Solutions – earplugs apparently sorts the first two issues as well as guarding against the wave and wind noise.

  • N.B. 1 – from fabulously sensible outdoor girl bivvy mate – waves do not turn off at night. Like those trees that still make a noise falling down, even if no-one is there.
  • N.B. 2 – to self – unpack in the garden in future.
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Sandhoppers lurking…

Problem 6 – Sleeping (not doing it). Caused by all manner of things…(see problem 5) plus;

  • Beach incorrectly inclined so slippage down bivvy bag – foot circulation compromised.
  • Forecast cloud clearing to provide starscape deserving of gawpage.
  • Large marine mammals definitely coming up the beach at 3am to nibble toes.

Solution – self-congratulate on each and every wake up (ie. a lot). Because it means there’s been sleep. Even if body and mind say that diddly sleep has gone on.

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Happy after a long and deep sleep…or slightly delirious with tiredness?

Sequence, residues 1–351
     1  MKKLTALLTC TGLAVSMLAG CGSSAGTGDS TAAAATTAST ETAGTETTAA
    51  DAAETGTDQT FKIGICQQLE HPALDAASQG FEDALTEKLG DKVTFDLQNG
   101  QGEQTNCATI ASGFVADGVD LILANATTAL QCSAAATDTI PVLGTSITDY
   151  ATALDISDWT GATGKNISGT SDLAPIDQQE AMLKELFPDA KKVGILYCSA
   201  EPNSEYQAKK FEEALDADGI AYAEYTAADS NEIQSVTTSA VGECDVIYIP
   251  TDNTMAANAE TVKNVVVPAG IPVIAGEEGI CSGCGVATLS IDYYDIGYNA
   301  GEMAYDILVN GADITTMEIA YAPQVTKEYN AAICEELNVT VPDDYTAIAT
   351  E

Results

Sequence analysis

Problem…Pervading smoky smell of bag/clothes/hair/insert other items here.

Solution – embrace said smell, allowing yourself a knowing and satisfied smile as you stink out the train/bus en route home (tried and tested by outstanding girl bivvy mate). Days later your olfactory memory will be thrown into disarray as you brush past your airing sleeping bag or coat and reactivate Eau d’Bivvy (Yankee Candle will be all over this methinks!).

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When you’ve seen this as you open your eyes, it’s ok to be grinning for at least a few hours

And there it is. There were problems, we found solutions. I might read this book before the next one, or maybe we should write our own…